I made a quick trip to the supermarket to find some firewood hoping it would help set the mood for a romantic evening. While in line at the checkout, I couldn’t help but notice every magazine seemed to know what I was up to. And they all offered some “amazing advice” to spice things up in the bedroom.
As enticing as the titles were, I’d been married long enough to know advice from grocery store magazine wouldn’t do me any good. Because the best way to spice things up in the bedroom is to start outside of it.
Misaligned priorities, disagreements, and overall busyness can quench even the most passionate fires. When sex becomes infrequent, unenthusiastic, or disappointing, the natural inclination is to look for ways to spice things up. But sex works more like a thermometer than a thermostat. And a thermometer can’t change the temperature; it can only report it.
So before going crazy covering your bed with rose petals, buying new sleepwear, or experimenting with new sex positions, take a closer look at what you’re really after.
How to spice things up in the bedroom
As a counselor, I’ve often been asked how one spouse can get the other to be more interested in sex. But after a bit of digging, it’s usually clear the people who ask that question are looking for more than just sex.
I’ll ask, “If you could get your spouse to agree to have sex with you as often as you’d like for the rest of your married life, but you would never talk to each other again, would you want that?” No one ever says yes.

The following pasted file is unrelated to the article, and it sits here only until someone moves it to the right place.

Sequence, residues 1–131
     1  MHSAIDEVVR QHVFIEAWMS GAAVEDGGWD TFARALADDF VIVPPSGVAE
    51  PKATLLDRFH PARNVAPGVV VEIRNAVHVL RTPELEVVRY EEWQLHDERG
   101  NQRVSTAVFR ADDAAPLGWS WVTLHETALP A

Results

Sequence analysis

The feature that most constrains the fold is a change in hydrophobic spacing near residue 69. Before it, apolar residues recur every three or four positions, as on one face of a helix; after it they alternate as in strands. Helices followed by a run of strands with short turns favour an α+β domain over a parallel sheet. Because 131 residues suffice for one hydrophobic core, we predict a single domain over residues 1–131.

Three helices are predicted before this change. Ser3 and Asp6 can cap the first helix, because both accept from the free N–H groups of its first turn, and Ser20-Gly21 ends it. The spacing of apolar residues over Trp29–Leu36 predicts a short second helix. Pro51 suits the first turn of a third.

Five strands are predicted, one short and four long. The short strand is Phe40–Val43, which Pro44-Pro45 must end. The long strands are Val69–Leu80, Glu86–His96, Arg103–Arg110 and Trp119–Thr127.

Why? Because sex was designed to be more than just a mindless physical act. We want it to bring connection. We want to feel loved, desired, respected, known, and understood. The frequency and quality of sex we complain about is merely the outward sign of an inward need. What we want is intimacy. And people who experience real intimacy rarely have anything to complain about in the bedroom.
Sex is an intimate act, but it’s not a way to gain intimacy. It’s a way to express it. Slapping a new “technique” onto a relationship devoid of intimacy will leave us feeling hollow, as if we’re putting on a show. It’s no wonder society talks of “sexual-performance issues.” Sex without intimacy is just that—a performance.
If you’re unsatisfied with your sex life and hoping to spice things up in the bedroom, barring any medical issues, there are probably other areas in your relationship that need to be addressed. Try focusing on these areas of intimacy first.
Our culture romanticizes the idea of a “one-night stand.” But the last thing you want in your marriage is to have sex with someone who feels like a stranger.
Unfortunately, life has a way of pulling us away from each other. We may live in the same house, but we begin to live entirely separate lives over time. Instead of thinking of ways of to spend time together, we look for time with friends or prioritize “me time.” We’re married but live like roommates.
Thankfully, building relational intimacy is something all married couples know how to do because we’ve all done it. Before marriage, we dated, courted, and found creative ways to spend time together. We were always on the lookout for ways to get to know each other better. We didn’t need exotic vacations or fancy dinners, any activity from buying groceries to doing homework together would do. What was important is that we interacted with each other.